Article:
Carolinas HealthCare System
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CHS Donates Mobile Cardiac Laboratory to Nicaragua Cardiology Center

The International Medical Outreach Program donates second public heart catheterization laboratory in the country, helping meet growing need for procedure

CHARLOTTE, N.C.—December 12, 2012—Representatives from Carolinas HealthCare System joined public health officials at a hospital in Managua, Nicaragua, for the official opening of the country’s second public cardiac catheterization laboratory, donated by Carolinas HealthCare System’s International Medical Outreach (IMO) Program.

The catheterization laboratory, or cath lab, was installed outside of the National Cardiology Center (Centro Nacional de Cardiología), located by the Roberto Calderón Gutierrez Hospital. The cath lab is a large, mobile unit used to diagnose and perform life-saving procedures on patients experiencing heart attack, chest pain or other symptoms of heart disease and can be deployed to rural areas of the country if needed. As a public care facility led by the country’s Ministry of Public Health, the Cardiology Center provides free services to any patient seeking care.

 “We are grateful for the opportunity to help Nicaragua’s medical facilities treat additional patients and to facilitate the delivery of contemporary health care to the country’s six million residents,” said Francis Robicsek, MD, PhD, vice president of the IMO Program, a partnership between Carolinas HealthCare System and the Heineman Foundation of Charlotte. “This donation will immediately improve accessibility to heart care and help the National Cardiology Center offer sustainable, consistent services for years to come.”

Heart disease is a leading cause of death in Nicaragua and, until now, physicians at the Cardiology Center have had only one stationary cath lab to diagnose and treat patients despite a growing need for necessary treatment. From 2007 to 2011, the number of non-invasive and invasive procedures performed at the Cardiology Center jumped from 5,141 to 16,635 and from 116 to 736. The additional cath lab will allow cardiologists to potentially double the number of cardiac procedures performed and meet the growing needs of the region.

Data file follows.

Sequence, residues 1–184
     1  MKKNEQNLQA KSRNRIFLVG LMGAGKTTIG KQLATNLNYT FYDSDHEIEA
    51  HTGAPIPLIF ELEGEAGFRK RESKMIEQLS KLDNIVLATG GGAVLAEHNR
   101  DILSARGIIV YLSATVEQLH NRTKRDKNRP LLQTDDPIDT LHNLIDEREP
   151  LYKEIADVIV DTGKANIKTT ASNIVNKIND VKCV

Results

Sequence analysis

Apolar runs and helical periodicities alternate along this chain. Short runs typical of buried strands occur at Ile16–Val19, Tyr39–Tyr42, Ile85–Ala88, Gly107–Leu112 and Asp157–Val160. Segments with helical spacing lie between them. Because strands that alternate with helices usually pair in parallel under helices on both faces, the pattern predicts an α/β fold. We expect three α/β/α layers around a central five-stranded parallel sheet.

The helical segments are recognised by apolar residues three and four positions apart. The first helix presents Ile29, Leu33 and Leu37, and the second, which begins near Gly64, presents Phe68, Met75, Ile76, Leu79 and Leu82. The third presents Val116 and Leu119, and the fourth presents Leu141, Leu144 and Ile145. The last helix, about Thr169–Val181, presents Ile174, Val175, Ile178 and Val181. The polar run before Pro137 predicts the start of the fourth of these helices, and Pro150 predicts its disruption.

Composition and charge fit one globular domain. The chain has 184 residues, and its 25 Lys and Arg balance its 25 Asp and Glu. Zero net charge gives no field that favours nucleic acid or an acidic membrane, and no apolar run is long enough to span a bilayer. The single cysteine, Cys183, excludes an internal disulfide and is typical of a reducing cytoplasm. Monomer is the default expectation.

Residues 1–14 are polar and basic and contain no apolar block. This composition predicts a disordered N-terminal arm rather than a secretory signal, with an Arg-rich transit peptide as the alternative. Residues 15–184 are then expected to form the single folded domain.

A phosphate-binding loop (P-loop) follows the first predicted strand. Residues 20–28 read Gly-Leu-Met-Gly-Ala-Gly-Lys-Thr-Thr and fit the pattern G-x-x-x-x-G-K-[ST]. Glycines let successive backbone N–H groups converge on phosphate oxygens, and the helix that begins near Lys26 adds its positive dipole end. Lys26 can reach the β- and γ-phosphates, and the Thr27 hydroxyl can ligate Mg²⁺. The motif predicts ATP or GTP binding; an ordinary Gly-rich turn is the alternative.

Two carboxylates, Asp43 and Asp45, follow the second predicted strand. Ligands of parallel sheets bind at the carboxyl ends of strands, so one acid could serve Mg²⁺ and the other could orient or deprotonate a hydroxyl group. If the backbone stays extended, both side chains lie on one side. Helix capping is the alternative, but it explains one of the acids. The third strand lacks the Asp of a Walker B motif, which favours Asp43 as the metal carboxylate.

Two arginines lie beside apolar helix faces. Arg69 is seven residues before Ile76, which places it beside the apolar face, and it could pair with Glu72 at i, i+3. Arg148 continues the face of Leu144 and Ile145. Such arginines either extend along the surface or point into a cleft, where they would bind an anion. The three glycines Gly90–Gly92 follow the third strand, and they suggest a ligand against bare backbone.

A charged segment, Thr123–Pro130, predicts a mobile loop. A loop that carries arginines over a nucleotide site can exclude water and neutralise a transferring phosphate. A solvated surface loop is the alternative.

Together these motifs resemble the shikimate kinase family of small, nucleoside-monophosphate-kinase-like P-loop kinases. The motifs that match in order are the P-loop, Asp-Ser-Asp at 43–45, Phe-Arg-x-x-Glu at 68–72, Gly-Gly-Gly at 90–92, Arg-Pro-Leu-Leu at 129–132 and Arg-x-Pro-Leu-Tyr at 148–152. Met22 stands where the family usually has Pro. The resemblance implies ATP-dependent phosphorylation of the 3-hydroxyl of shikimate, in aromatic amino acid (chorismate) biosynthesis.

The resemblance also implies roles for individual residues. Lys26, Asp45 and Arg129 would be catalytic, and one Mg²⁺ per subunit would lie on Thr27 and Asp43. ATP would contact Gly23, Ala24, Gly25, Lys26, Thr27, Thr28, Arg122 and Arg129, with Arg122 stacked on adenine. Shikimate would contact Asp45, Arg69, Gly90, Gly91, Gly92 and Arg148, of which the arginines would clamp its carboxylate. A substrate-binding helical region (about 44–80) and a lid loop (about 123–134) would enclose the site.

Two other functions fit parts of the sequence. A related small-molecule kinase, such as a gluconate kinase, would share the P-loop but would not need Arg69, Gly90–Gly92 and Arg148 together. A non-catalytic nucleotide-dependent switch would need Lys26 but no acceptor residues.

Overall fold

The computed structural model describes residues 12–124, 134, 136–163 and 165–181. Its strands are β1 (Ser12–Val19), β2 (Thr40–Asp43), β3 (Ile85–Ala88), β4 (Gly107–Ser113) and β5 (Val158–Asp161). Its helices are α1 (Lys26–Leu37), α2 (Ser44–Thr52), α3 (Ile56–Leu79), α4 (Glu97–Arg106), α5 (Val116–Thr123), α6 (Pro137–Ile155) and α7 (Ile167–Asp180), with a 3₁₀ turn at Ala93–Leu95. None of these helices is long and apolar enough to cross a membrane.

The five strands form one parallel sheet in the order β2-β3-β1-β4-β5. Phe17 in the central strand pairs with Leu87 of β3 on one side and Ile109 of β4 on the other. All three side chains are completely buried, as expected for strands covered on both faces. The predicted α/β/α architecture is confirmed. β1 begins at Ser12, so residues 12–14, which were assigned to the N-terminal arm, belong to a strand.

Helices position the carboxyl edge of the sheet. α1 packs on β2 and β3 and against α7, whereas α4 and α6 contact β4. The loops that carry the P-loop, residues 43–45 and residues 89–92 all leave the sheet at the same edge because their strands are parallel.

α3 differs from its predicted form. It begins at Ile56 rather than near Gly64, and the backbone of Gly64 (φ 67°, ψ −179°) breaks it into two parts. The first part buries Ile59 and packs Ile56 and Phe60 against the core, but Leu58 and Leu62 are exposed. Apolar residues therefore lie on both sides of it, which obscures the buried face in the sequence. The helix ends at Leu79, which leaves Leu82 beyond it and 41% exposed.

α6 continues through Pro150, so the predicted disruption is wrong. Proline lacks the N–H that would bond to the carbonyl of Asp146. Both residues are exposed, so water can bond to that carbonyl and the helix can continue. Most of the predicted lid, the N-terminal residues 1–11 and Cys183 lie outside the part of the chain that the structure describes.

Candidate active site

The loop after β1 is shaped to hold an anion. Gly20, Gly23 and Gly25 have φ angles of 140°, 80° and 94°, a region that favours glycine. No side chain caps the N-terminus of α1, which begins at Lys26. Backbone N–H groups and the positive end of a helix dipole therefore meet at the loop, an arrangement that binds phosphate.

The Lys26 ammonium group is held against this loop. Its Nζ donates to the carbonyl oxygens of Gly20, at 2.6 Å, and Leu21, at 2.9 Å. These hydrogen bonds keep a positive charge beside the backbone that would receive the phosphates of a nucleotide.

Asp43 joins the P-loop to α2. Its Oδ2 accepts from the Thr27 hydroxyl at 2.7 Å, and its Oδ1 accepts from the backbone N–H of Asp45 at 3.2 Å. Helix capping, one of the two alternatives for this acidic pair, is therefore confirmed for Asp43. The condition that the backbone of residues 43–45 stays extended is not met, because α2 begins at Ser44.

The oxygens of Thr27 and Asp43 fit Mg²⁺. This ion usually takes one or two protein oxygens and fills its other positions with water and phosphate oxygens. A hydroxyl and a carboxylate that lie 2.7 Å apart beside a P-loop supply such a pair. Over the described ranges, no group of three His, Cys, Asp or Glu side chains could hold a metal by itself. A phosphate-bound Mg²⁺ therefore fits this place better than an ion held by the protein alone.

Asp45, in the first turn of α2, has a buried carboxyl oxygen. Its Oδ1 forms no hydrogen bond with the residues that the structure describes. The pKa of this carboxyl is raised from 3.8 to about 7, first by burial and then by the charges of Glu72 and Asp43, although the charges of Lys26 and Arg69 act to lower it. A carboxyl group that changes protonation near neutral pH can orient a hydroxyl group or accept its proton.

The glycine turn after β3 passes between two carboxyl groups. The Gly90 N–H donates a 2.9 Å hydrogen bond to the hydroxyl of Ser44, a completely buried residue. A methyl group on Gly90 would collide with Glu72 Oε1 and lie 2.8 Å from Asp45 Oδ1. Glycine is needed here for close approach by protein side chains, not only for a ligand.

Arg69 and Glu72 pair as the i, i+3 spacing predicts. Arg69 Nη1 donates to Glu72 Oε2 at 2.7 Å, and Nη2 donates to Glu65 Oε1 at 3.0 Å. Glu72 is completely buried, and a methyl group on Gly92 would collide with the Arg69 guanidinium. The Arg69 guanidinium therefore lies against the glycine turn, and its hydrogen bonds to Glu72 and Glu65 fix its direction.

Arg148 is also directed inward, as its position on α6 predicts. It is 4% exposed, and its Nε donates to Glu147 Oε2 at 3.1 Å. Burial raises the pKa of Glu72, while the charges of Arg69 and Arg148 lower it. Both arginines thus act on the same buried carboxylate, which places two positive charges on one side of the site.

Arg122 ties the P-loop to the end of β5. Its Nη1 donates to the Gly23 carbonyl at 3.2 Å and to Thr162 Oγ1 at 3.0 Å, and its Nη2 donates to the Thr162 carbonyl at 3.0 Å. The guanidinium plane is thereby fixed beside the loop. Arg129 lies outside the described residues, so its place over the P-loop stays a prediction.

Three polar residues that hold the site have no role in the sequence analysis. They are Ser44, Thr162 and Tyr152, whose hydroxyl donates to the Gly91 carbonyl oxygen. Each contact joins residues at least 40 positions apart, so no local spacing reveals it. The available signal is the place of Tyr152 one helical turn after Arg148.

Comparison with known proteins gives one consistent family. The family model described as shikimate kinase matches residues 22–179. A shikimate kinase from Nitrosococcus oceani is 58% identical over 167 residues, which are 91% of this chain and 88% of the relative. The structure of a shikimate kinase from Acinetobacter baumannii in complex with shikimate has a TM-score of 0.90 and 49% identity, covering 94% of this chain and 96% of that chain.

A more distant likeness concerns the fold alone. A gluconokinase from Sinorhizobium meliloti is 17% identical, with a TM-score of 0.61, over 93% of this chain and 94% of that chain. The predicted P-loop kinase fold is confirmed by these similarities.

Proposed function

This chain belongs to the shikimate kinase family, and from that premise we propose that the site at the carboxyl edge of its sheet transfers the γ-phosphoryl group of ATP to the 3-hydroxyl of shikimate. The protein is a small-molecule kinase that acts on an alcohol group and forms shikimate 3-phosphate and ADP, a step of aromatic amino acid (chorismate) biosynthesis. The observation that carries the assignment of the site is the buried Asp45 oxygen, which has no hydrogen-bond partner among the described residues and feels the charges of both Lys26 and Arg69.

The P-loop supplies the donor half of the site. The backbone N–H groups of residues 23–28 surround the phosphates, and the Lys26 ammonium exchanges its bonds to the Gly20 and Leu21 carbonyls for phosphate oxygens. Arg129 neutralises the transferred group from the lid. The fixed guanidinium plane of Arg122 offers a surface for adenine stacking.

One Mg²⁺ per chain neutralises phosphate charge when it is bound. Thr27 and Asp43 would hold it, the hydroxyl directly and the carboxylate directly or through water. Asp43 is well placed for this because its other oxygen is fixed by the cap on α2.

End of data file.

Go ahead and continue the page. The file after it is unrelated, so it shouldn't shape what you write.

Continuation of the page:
“The Nicaraguan Ministry of Public Health is grateful for Carolinas HealthCare System’s unwavering support and commitment to our country,” said Carolina Dávila Murillo, Director of Health Services in Nicaragua. “This cardiac laboratory will allow our communities, especially residents with minimal resources, to access modern medical services routinely. This is part of a bigger plan to restore people’s right to obtain quality, affordable health care, an effort led by our government and our president, Commander José Daniel Ortega Saavedra.”

Since 2007, the IMO Program has led projects aimed at improving the health of adult and pediatric patients in Nicaragua. Its first project was to repair or replace the dilapidated equipment of the Intensive Care Unit at Manuel de Jesús Rivera (La Mascota) Pediatric Hospital, the country’s largest pediatric facility. That same year, the Program helped rebuild the country’s only public cath lab, which had broken and remained unused for at least one year. Prior to this project, Nicaraguan residents had limited cardiac care.

The IMO Program to date has donated and helped install six cath labs in Central America (in Honduras, Nicaragua, Guatemala and Belize), and it plans to soon donate a unit in El Salvador. The Program also offers free medical training opportunities to international techs, physicians and other clinicians, who must operate the cath labs or perform heart diagnostic or treatment procedures, including open heart surgery.

In Guatemala, the IMO Program’s heart surgery training became an integral part of national cardiac services growth, allowing Guatemalan physicians to perform the country’s first open heart surgeries in the mid-1970s. More recently, in Belize, a mobile cath lab donation in 2011 modernized heart care in the country by 30 years, and the Carolinas HealthCare System’s IMO team  helped perform that country’s first open heart surgeries in July of this year.